On 1 October, Samsung resumed sale of the phone in South Korea and replacements were continuing in the US. Five days later came a report of a replacement Note 7 starting to smoulder on a US flight.
By the time Samsung announced a hiatus to production there were eight reported cases of supposedly safe replacement Note 7s catching fire.
According to the Associated Press, South Koreas safety agency is still investigating why the replacement phones have been explosion, and an official said the replacement phones may have a different defect to the problem with the original Note 7s.
Neil Campling, Head of Global TMT Research for Northern Trust Capital Markets, estimated the total financial cost of the affair as potentially higher than$ 2bn, but added that the reputational damage could be greater still.
The affair has not been as damaging for Samsungs stock price as might have been expected, however. The companys shares reached a low in mid-September, after news of the recall transgressed, but proceeded to rally to an all-time high in early October.
After confirmation of multiple faulty replacement devices came in over the weekend, however, the stock has fallen almost 10% in the past two days, to 1,554, 000 won. The news of halted production came too late be included in Tuesdays trading in South Korea.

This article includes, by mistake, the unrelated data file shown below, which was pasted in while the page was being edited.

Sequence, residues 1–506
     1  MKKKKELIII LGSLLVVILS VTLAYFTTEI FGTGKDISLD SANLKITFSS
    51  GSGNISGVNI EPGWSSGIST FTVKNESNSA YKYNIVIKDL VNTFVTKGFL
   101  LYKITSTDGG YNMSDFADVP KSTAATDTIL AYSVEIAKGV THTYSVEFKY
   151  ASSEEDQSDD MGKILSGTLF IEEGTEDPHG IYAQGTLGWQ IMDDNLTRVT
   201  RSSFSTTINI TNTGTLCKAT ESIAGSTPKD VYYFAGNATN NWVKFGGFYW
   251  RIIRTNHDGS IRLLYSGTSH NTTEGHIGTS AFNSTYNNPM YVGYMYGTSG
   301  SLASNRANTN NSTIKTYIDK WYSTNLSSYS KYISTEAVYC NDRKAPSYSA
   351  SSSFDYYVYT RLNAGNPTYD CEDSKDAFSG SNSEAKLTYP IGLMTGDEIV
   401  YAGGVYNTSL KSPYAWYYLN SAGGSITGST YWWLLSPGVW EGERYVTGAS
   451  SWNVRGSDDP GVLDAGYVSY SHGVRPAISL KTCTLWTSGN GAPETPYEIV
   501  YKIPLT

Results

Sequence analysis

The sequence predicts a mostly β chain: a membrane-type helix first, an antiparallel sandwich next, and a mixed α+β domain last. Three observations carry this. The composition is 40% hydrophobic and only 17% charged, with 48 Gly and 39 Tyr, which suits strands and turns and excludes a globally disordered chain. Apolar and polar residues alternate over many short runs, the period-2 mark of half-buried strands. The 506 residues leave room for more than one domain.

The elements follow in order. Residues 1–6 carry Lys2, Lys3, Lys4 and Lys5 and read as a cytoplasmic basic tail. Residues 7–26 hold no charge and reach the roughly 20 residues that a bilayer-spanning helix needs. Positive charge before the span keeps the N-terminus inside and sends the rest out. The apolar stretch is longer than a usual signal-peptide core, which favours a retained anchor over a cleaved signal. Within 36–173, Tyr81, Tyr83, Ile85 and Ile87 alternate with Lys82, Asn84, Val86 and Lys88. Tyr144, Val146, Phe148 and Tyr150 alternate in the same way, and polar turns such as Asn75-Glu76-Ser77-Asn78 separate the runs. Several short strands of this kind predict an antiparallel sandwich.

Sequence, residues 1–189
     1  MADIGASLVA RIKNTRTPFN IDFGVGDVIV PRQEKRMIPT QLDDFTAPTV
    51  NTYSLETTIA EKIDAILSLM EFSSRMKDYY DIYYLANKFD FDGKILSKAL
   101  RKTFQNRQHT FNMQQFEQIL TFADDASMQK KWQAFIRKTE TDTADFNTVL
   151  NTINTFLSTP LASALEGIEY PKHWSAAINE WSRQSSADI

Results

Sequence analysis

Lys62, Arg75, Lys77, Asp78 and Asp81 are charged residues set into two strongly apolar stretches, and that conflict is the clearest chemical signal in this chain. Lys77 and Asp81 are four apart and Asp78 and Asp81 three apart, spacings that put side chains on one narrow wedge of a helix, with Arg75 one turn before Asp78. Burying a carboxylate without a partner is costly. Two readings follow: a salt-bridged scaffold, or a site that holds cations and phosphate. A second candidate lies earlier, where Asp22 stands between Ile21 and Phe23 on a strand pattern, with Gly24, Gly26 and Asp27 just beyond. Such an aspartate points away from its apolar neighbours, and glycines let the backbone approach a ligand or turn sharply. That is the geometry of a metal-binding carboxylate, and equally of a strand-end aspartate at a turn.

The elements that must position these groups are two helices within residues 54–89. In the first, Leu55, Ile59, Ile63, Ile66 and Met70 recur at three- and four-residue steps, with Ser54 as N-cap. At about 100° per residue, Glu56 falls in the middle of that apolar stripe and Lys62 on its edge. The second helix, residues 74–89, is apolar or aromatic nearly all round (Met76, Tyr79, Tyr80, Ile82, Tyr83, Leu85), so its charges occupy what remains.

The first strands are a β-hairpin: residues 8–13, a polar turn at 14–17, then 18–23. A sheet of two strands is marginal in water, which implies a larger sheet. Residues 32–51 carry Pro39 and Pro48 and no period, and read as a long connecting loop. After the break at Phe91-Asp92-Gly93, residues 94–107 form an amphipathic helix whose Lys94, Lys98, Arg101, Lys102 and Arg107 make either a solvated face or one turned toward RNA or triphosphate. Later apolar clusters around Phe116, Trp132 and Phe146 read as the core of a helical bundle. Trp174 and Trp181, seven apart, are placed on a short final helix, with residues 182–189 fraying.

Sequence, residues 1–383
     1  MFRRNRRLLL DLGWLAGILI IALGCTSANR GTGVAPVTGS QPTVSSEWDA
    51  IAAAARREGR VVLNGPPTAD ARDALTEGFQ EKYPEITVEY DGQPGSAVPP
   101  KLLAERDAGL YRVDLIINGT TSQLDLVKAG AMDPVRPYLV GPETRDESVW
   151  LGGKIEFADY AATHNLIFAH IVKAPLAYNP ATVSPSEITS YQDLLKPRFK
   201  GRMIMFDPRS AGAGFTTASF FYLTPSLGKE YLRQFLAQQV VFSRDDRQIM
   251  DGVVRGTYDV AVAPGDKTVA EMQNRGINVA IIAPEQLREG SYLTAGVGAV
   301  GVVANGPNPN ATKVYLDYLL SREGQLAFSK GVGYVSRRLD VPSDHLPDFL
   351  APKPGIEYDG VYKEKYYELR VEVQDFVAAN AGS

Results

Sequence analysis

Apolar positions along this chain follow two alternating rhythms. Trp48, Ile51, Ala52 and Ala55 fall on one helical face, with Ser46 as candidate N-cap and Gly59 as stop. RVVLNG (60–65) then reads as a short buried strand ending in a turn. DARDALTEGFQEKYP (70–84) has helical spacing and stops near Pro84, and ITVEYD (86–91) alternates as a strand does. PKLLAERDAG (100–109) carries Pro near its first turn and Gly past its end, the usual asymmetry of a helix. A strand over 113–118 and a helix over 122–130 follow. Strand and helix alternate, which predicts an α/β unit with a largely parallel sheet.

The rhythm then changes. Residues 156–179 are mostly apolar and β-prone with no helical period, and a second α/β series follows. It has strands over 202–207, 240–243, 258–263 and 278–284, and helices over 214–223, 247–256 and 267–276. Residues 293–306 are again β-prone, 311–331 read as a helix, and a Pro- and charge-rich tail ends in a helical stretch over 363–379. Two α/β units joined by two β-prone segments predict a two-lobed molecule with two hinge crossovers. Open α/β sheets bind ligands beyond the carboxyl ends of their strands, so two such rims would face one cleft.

Karissa Chua, an analyst with Euromonitor International, said: This setback will cast doubts on whether Samsung can sustain its stellar results in its mobile business over the next two to three one-quarters. In words of financial losses due to the product recall, it will be greater in the US where Samsung is also plagued with potential suits in the US and claims over damage to property and medical bills.
The biggest challenge for Samsung would be to prevent the consumer and investor fallout from worsen, Chua added. The fact that its premium Note 7 smartphone is labelled a safety hazard is damaging to Samsung Corp and its affiliate Samsung SDIs reputation. It has the potential to have repercussions on consumers overall confidence in Samsung smartphones if the company does not take steps to assuage customers fears over its devices, particularly with the new Note 7 replacements.